Jamie’s Ministry Of Food


Author: Jamie Oliver

Publisher: Penguin

Date Published: 2008 

Pages: 360

Anyone can learn to cook in 24 hours

Jamie Oliver’s latest book, ‘Jamie’s Ministry Of Food’, continues his passionate goal of teaching the British public how to cook healthy, hearty meals. In an attempt to reverse today’s trend of processed food and takeaway, ‘Jamie’s Ministry Of Food’ selection of recipes are nutritionally sound as well as easy for beginners.

The result is part recipe book and part journal about his TV program. The ‘Ministry Of Food’ title was inspired by the British government enacting a ministry during WWII to ensure that the public used their rations wisely. Jamie hopes to replicate this education by the ‘Pass It On’ scheme, where anyone who buys the book pledges to learn a recipe from each chapter and then teach at least two or more friends/family.    

‘Jamie’s Ministry Of Food’ is set in Rotherham. It was chosen for two reasons; apparently because it represents the average demographic of England and also because during ‘Jamie’s School Dinners’ an infamous scene occurred where a mother shoved fast food through school fencing in protest to Jamie’s healthy lunches.

Coincidental my Father’s hometown is Rotherham and I visited it last year. Though I haven’t seen the TV Show that accompanies this book, I can vouch that Rotherham is not a desolate culinary wasteland (my family can cook superbly. Ellies Takeaway pizza, garlic bread and pasta still rocks my socks. Also, The Bluecoat’s Minted Lamb burger is fantastic). My cousins – who were not impressed with Jamie Oliver even before he based an entire TV series and book on their apparent lack of taste and cooking skill – were not pleased to say the least.

‘Jamie’s Ministry of Food’ is littered with pictures of people from Rotherham. The pictures of Jamie and random Rotherham folk have been photoshopped heavily, giving them an odd optical illusion quality (there seem to be shadows no where and everywhere at the same time). To my amusement, the front cover has been cleaned up to make Jamie appear younger and thinner.

An image of each completed recipe dominates the page, but there is also a grid like selection of step by step photos. This really helps to reinforce the instructions and in some cases you can complete recipes without reading the steps. The food photography is beautiful and functional. The layout is charming, especially the inclusion of wallpaper patterns and antique ornaments for Chapter breaks.

The major downfall of Jamie’s previous books – his habit to waffle on during recipe instructions – has been fixed. Jamie has dedicated a separate section before the recipe commences to talk about the dish. The actual instructions are step by step and are separated by little red dots. This results in far easier recipes to follow.

The chapters reflect the variations in an average British diet, including influences by other cultures that have become a staple of the English landscape:

  • Twenty-minute meals
  • Quick pasta
  • Tasty stir-fries
  • Easy curries
  • Lovin salads
  • Simple soups
  • Homely mince
  • Comforting stews
  • Family roasts
  • Delish veg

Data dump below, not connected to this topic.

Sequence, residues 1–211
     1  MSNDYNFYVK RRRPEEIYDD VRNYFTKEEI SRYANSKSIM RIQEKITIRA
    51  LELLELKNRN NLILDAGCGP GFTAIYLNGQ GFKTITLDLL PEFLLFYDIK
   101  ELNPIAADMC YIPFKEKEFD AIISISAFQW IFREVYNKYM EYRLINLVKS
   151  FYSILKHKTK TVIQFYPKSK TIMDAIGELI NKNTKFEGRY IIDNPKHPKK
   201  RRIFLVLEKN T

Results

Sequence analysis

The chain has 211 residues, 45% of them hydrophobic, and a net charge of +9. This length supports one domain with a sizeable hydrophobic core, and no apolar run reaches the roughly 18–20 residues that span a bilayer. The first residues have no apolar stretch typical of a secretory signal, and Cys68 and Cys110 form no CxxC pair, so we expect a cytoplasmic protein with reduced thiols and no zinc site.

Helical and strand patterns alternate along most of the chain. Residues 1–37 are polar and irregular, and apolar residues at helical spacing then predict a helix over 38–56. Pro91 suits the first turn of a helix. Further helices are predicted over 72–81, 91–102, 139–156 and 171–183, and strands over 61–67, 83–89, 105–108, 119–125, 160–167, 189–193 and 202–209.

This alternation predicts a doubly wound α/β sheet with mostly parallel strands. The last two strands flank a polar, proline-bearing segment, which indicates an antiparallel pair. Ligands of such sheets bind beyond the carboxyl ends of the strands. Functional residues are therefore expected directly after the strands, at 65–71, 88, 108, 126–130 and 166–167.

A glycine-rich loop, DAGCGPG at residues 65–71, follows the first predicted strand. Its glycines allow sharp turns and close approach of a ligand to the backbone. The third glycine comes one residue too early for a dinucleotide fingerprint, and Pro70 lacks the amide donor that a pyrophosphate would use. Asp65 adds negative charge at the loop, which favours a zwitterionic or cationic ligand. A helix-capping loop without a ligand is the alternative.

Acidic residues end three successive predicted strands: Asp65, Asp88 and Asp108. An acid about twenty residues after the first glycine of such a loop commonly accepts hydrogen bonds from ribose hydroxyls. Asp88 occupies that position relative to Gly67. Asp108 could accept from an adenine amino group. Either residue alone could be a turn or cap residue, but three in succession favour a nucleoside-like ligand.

• Quick-cooking meat and fish
  • Classic fish
  • Kick-start breakfast
  • Sweet things
  • Jamie seems to be an unashamed fan of modern and traditional English cuisine, particularly the roast. Pork, Beef, Chicken and Lamb roasts are included, alongside gravy and Yorkshire pudding recipes. To complement these traditional meat dishes there are also a selection of delicious vegetable side dishes, such as ‘Carrots Baked In A Bag’ and ‘Dressed Asparagus’. Hearty casseroles and stews are also featured with multiple options for toppings (for instance dumplings, shepherd’s pie etc).

    Jamie’s selection of recipes achieves its goal. The recipes are not as technically brilliant or individualised  than in previous books, but they are wholesome, mostly cheap and easy to cook. In the short time since purchase I have attempted far more recipes from ‘Jamie’s Ministry of Food’ than any of his other books (12 to be exact).

    Some of the ‘Twenty minute meals’ only serve two (Jamie is trying to shorten the prep time so most of the dishes can fit into this hasty time constraint). This is quite sneaky, given that it is usually assumed a recipe serves four-six. The reader has to watch out for this aspect when planning the meal. This also means that they are not ‘Twenty minute meals’ for families, only couples.

    I don’t appreciate the endorsement of particular brands. Patak’s Curry Pastes and Jacob Cream Crackers are not only constantly listed in recipe ingredients, but also shown clearly in images (why Jamie uses Jacobs Cream Crackers rather than breadcrumbs, which are easy to buy and don’t require ‘bashing’, is another issue also). Other brands, such as types of mustard, receive the same favoritism. This is a departure from his previous books, which are largely anonymous when it comes to items that could possibly be brand related. Though this isn’t a large problem, it still strikes blatant endorsements into what should be a neutral text.

    As I’ve previously mentioned, a great deal of the enjoyment a reader can draw from any Jamie Oliver books is based on whether they actually like him. However, if the reader ignores the TV Show and moralising aspect, the book itself is a great success of recipe selection and accessible layout. This is by far Jamie’s best cookbook, rather than homage to favorite recipes.

    ♥♥♥♥ – 4/5

    This entry was posted in ♥♥♥♥ - 4/5, Cooking Books, Non-Fiction and tagged , , , , , , , , , , , , , , , , , , , . Bookmark the permalink.

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